would speculate that the days when a majority opposes gay marriage in
this country are severely limited.
Given the descrepany in recent polling, Derek is undoutedly correct. The very wording of a question within a survey--especially a controversial one--can dramatically alter the overall result. As for the second point, fresh polling absolutely backs up Derek's assumption about future attitudes about gay marriage. The recent Gallup survey, for example, reports that a "majority of 18- to 29-year-olds think gay or lesbian couples
should be allowed to legally marry, while support reaches only as high
as 40% among the three older age groups." The overall numbers for support of gay marriage amomng younger voters hovers around the 60% mark--a clear harbinger of future trends in the United States.
Posted Nov 25, 2008 at 1:08 AM by Maurice Berger
Was Election 2008 a sign of a radical political realignment or just an election driven by a desire for change and discontent with the party in power. This debate is now underway, as pollsters attempt to grasp the bigger picture. As the Washington Post reports, "conservative analysts have insisted that although the Democrats
achieved a sweeping victory, it does not indicate a fundamental change.
"America is still a center-right country," as Rep. John A. Boehner (R-OH), the House Republican leader, insisted soon after the votes were counted. Liberals call that
argument nonsense. The election, wrote John B. Judis in the New Republic,
heralds the arrival of "America the liberal," provided that the
Democrats play their strong new hand effectively. This election was
"the culmination of a Democratic realignment that began in the 1990s,
was delayed by September 11, and resumed with the 2006 election." PollTrack thinks the answer will not be apparent for a while, given the dramatic imperative for change at the heart of many voter's decision making process. Indeed, as Andrew Kohut, one of the deans of American pollsters notes,
"There's no indication that ideology drove this election. It was driven by discontent with the
status quo" -- a pollster's formulation of the venerable slogan 'Throw
the bums out.'"
Posted Nov 07, 2008 at 12:34 AM by Maurice Berger
How close did polling organizations come in predicting the outcome of Election 2008? A few were right on the money. A few, such as CBS News/NY Times, Zogby, and Newsweek--each showing Obama with a double digit lead--were way off.
Dr. Costas Panagopoulos, Ph.D, of Fordham University's Department of
Political Science, undertook a detailed analysis of the results of the
top polling organizations. His findings indicate that not all surveys
were good at analyzing and reporting the relative strength of the
candidates. Professor Panagopoulos writes: "I analyze poll estimates
from 23 polling organizations. Four of these polls appear to have
overestimated McCain support (indicated with a * below), while most
polls (17) overestimated Obama strength. Pre-election projections for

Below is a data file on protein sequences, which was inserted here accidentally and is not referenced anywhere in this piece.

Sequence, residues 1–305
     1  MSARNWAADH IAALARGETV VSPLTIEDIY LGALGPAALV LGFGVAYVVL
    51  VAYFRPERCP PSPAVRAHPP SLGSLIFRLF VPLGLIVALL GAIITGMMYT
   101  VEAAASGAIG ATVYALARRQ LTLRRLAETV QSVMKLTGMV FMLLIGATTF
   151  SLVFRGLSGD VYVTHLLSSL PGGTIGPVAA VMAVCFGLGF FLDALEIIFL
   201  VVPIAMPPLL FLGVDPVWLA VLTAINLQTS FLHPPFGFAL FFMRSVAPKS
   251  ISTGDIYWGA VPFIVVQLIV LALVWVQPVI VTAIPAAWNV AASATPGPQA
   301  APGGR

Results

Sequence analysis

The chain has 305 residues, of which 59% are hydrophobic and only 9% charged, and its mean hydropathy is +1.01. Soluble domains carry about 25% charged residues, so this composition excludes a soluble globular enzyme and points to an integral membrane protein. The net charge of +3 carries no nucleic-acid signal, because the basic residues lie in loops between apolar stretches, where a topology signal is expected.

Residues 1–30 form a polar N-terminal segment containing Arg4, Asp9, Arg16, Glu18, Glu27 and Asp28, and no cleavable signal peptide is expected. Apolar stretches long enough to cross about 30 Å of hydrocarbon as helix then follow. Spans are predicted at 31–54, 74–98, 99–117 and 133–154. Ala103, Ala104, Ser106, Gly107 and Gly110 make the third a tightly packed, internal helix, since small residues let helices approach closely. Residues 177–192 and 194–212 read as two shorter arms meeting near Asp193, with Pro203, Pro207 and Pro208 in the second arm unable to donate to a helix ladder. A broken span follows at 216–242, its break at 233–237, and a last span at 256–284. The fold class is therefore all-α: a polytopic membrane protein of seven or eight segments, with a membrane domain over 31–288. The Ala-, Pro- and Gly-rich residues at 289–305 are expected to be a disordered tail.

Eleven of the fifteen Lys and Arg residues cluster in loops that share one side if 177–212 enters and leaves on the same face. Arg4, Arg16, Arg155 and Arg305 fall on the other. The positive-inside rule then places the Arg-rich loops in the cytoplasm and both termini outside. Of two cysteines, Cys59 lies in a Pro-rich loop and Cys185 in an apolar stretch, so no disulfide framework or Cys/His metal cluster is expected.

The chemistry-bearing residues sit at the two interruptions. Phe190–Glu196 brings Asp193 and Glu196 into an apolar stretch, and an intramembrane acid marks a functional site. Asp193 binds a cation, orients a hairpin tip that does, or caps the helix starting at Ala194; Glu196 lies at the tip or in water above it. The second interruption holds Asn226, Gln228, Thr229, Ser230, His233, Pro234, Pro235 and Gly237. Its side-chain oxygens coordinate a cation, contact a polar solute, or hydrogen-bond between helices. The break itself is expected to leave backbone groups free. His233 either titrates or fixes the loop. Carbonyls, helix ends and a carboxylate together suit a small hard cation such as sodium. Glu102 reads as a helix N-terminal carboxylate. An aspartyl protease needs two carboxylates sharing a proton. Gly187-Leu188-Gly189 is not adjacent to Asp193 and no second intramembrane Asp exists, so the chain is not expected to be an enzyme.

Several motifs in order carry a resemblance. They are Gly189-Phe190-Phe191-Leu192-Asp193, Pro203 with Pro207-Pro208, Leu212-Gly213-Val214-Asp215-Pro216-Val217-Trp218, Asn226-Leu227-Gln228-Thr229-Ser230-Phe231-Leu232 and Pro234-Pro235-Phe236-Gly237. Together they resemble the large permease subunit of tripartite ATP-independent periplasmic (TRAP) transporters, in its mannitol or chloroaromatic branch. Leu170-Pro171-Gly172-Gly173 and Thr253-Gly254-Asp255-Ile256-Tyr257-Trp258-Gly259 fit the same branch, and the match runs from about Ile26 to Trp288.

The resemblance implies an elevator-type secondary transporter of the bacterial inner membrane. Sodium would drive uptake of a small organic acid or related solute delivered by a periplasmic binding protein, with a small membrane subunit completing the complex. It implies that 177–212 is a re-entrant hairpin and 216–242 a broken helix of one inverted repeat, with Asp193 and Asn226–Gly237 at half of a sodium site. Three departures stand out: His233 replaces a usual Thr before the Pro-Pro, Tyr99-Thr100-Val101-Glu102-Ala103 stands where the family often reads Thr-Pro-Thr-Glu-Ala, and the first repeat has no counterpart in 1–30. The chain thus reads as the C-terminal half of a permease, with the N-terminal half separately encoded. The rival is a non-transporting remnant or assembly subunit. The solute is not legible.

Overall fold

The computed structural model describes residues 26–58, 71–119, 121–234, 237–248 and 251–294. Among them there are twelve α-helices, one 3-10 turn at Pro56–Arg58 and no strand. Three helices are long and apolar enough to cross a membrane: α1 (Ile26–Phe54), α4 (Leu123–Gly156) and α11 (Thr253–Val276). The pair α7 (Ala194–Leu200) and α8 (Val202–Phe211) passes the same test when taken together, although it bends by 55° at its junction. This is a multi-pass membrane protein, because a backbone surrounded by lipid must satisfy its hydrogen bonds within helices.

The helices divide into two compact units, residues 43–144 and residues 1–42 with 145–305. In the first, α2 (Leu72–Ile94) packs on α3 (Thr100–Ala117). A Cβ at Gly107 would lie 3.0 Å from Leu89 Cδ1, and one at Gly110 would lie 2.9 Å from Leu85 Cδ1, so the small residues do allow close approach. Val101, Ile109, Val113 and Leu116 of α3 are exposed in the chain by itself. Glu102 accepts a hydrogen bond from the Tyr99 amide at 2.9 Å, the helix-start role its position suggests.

two organizations’ final polls—Rasmussen and Pew—were perfectly in
agreement with the actual election result (**)." (The list follows
below.) One problem with this analysis, though, is that it was completed before final results were in. According to the Associated Press, Obama's final number has inched upward slightly, to nearly 53%, bringing the final total to 52.7% to 46.0%. In this case two other pollsters actually tied for first place: Ipsos/McClathcy and CNN/Opinion Research (both tied at 6th place in the Panagopoulos analysis). The more important conclusion from the Fordham survey, however, is not its top numbers but the idea that most pollsters overestimated the Democrat's support. In the past five cycles, this skewing towards blue has tended to be the case. Why? Perhaps because voters who "refuse" to be interviewed fall into demographic categories that favor Republicans--older, male, white, and rural. In this cycle, one other factor may also be at play: Democrats were FAR more enthusiastic than Republicans and thus were less equivocal, tended to have decided early, and were more willing to share their views with pollsters. Given the tendency of the least accurate pollsters to overestimate Obama support, the so-called "Bradley Effect" may have been operative as well. For Dr. Panagopoulos's analysis click here.
1. Rasmussen (11/1-3)**
1. Pew (10/29-11/1)**
2. YouGov/Polimetrix (10/18-11/1)
3. Harris Interactive (10/20-27)
4. GWU (Lake/Tarrance) (11/2-3)*
5. Diageo/Hotline (10/31-11/2)*
5. ARG (10/25-27)*
6. CNN (10/30-11/1)
6. Ipsos/McClatchy (10/30-11/1)
7. DailyKos.com (D)/Research 2000 (11/1-3)
8. AP/Yahoo/KN (10/17-27)
9. Democracy Corps (D) (10/30-11/2)
10. FOX (11/1-2)
11. Economist/YouGov (10/25-27)
12. IBD/TIPP (11/1-3)
13. NBC/WSJ (11/1-2)
14. ABC/Post (10/30-11/2)
15. Marist College (11/3)
16. CBS (10/31-11/2)
17. Gallup (10/31-11/2)
18. Reuters/ C-SPAN/ Zogby (10/31-11/3)
19. CBS/Times (10/25-29)
20. Newsweek (10/22-23)
Posted Nov 03, 2008 at 3:22 AM by Maurice Berger